HRDs present alternative report on human rights situation in Belarus Document
On October 1, representatives of the national human rights coalition presented their alternative report on the human rights situation in Belarus. The preparation of the report involved 12 human rights organizations.
The presentation focused on the most acute problems of implementation of the International Covenant on Civil and Political Rights. The speakers were Dzmitry Charnykh, Belarusian Helsinki Committee; Volha Smalianka, Legal Transformation Center; Siarhei Drazdouski, Office for the Rights of Persons with Disabilities; Valiantsin Stefanovich, Human Rights Center "Viasna"; Siarhei Ustsinau, Legal Initiative; and Aleh Aheyeu, Belarusian Association of Journalists.
Belarus, as a party to the International Covenant on Civil and Political Rights, is obliged to periodically submit reports to the UN on the implementation of the Covenant. Despite this, the government last reported more than 20 years ago. This year, the Belarusian authorities will finally present such a report at the 124th session of the UN Human Rights Committee, to be held in Geneva from 8 to 9 October.
“For the first time in 20 years, Belarus will report to the Committee, and the human rights organizations aim to offer an alternative point of view, an alternative vision of what is happening in the field of human rights in Belarus,” Volha Smalianka, director of the Legal Transformation Center, said.
In 2015, Belarus applied to the UN for a simplified procedure of the report presentation. The Human Rights Committee, in this case, only formulates questions, which are of interest to it. Thus, the government’s report contains a concentrated information on separate issues. Belarus prepared and submitted its report to the Committee in 2017. Human rights activists also answered the Committee's questions, and submitted their alternative report.
Unfortunately, in Geneva, there will be no debate, in the usual sense of the word, between human rights defenders and representatives of the government.
“The procedure for the consideration of reports is set up in such a way that members of the civil society cannot ask questions about the report to representatives of the state during its presentation, and vice versa. Everything passes through the members of the Committee. If they do not understand something, they ask a question to the government. And we only can encourage them to ask this or that question, which we consider important. Nevertheless, we believe that there will be many questions, because there is a backlog of issues accumulated over the 20 years,” Dzmitry Charnykh of the Belarusian Helsinki Committee said.
The authors of the report outlined the key problems in Belarus’s implementation of the Covenant and recommendations to the government.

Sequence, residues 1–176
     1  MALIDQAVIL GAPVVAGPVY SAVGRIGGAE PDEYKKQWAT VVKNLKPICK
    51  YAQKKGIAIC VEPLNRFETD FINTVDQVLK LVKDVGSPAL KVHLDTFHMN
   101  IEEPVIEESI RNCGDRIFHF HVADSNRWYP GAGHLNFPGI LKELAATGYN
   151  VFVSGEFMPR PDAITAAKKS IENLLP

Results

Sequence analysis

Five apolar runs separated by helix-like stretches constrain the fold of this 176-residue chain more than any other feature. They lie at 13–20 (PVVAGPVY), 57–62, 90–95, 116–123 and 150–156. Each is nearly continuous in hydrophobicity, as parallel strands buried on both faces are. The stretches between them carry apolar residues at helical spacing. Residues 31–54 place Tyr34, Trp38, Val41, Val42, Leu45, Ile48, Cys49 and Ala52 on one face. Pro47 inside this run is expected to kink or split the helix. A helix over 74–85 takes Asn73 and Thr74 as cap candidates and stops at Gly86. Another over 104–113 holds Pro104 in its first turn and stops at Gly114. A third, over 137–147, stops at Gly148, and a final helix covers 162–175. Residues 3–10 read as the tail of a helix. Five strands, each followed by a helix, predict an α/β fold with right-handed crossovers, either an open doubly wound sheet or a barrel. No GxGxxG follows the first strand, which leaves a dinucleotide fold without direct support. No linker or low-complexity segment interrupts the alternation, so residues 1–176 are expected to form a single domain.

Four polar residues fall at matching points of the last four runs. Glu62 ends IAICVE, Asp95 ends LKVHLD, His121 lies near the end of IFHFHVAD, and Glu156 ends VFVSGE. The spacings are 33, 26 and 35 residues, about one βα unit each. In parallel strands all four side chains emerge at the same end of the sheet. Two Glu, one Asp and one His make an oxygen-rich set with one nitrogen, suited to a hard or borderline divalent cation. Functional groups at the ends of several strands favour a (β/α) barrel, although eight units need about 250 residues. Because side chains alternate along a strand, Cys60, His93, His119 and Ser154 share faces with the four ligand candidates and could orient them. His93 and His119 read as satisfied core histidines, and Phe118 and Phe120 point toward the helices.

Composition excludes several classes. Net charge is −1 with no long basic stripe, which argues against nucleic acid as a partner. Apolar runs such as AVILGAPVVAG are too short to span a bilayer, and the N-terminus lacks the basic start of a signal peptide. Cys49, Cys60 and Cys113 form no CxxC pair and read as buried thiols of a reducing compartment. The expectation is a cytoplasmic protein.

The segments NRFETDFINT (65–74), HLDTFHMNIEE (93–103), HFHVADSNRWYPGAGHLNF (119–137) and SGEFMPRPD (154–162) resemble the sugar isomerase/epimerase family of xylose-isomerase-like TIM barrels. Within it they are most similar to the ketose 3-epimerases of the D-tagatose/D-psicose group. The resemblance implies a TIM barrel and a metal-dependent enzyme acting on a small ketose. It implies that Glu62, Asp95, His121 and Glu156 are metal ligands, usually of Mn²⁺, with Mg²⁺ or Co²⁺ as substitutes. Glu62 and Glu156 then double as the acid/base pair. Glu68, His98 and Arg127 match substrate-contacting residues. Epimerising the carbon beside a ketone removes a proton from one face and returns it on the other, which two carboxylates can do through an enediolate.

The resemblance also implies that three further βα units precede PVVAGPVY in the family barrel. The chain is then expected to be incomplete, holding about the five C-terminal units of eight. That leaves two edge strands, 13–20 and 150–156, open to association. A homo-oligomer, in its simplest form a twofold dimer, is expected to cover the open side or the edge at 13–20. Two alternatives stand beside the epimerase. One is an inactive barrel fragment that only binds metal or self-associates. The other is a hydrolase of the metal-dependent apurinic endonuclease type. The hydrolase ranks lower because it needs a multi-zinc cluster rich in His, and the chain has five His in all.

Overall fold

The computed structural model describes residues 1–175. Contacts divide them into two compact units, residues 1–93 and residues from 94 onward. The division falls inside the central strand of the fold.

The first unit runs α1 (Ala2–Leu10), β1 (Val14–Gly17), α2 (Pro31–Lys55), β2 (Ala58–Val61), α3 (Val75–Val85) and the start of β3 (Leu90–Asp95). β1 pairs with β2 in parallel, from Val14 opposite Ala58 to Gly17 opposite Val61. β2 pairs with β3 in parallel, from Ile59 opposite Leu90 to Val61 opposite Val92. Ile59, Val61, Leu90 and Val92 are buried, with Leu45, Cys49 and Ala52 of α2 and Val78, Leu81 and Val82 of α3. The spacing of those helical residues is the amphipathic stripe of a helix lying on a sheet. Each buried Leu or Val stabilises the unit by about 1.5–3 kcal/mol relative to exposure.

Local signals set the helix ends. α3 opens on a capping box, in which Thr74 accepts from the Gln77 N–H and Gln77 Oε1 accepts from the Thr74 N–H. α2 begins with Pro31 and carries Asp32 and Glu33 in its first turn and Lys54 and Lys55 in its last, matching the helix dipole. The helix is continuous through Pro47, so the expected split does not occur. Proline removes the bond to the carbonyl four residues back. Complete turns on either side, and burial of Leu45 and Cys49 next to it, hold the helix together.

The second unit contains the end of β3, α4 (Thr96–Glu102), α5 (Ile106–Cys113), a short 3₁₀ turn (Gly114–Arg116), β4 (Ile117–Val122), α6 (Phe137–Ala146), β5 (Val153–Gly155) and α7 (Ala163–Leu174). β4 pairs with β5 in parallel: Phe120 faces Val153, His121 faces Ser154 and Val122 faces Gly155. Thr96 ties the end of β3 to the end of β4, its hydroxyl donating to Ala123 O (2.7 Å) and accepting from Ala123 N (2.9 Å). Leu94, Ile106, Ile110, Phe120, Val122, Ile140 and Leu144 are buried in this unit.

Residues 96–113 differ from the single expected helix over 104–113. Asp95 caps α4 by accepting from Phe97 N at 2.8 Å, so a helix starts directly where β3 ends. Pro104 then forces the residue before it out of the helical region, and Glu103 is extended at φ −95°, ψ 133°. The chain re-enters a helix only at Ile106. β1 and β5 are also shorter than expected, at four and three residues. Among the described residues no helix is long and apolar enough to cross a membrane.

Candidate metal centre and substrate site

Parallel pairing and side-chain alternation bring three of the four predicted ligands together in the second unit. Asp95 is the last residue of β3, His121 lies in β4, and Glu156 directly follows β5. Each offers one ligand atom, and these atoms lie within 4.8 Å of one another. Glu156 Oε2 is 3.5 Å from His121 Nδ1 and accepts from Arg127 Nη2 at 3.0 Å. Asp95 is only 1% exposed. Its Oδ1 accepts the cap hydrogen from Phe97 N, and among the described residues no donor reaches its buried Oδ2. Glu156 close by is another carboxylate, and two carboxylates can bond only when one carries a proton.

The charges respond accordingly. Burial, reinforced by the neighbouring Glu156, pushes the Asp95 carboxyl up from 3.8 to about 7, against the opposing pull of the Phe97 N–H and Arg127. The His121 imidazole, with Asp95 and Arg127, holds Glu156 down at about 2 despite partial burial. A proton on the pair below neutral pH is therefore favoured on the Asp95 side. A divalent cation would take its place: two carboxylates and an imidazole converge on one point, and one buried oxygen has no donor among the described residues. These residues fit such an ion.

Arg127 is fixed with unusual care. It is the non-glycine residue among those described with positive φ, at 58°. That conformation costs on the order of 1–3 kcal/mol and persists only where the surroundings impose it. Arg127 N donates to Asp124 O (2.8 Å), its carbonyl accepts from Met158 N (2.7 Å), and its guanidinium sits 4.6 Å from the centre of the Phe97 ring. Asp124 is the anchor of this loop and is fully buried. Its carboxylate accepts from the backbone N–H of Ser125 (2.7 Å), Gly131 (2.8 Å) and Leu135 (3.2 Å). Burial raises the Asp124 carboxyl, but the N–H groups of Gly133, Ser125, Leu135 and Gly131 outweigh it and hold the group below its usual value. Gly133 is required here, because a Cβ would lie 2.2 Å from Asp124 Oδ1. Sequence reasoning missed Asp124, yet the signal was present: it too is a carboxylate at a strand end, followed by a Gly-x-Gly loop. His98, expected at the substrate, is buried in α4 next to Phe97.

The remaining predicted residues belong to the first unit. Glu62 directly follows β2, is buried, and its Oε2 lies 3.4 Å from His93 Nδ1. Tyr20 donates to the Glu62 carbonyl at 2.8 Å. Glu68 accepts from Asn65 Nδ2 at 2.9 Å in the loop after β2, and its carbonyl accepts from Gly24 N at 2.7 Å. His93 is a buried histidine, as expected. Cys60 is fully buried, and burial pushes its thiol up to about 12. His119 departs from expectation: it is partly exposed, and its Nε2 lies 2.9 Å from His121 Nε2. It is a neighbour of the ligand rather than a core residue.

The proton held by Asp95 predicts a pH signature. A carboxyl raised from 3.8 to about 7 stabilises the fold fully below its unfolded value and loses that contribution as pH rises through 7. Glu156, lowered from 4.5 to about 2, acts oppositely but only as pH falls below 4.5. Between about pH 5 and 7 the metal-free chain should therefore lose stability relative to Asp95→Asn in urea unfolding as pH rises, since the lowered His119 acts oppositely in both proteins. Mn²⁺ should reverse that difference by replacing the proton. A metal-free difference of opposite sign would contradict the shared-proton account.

In particular, the Human Rights Center "Viasna", among other topics, contributed the section on the prohibition of forced labor. Valiantsin Stefanovich stressed that the issue of forced labor is still highly relevant, since students and government employees continue to be sent in large quantities to perform agricultural work.
“In our report, we mention the things that we earlier recommended, but once again we have to write about them. As for medical-labor dispensaries, we already have recommendations from the Committee on Social, Economic and Cultural Rights of the International Labor Organization. Nevertheless, this practice continues: every year, eight thousand people are sent to perform forced labor there.
This also applies to Decree #18 regarding so-called obligated persons (persons deprived of parental rights who are forced to be employed under threat of administrative and criminal liability). The report also describes the forms of forced labor, including the sending of employees of enterprises and school students to harvest crops. In Belarus, this is done without their consent, in violation of labor laws, including the national ones,” Valiantsin Stefanovich said.
The human rights activists also highlighted the issue of the death penalty in Belarus.
“Cases of death sentences by the Supreme Court as the court of first instance make it impossible to appeal against the sentence,” Stefanovich said.
He also notes the non-transparent work of the Commission on Pardons. Representatives of the public and the media may be invited to its meetings, but all attempts of human rights defenders to do so have so far been unsuccessful.
The human rights activists point out that Belarus ignores its obligations under so-called interim measures procedure at the UN Human Rights Committee. If the HRC receives a complaint from a person sentenced to death, the government cannot carry out the sentence, pending a decision. However, in Belarus, there are at least 10 cases where the death row prisoners were executed while their complaints were being considered at the Committee.
Currently four people are on death row in Belarus, two of them have registered their communications at the UN HRC. Human rights activists urge the Belarusian authorities to impose a moratorium on executions as a first step towards its complete abolition.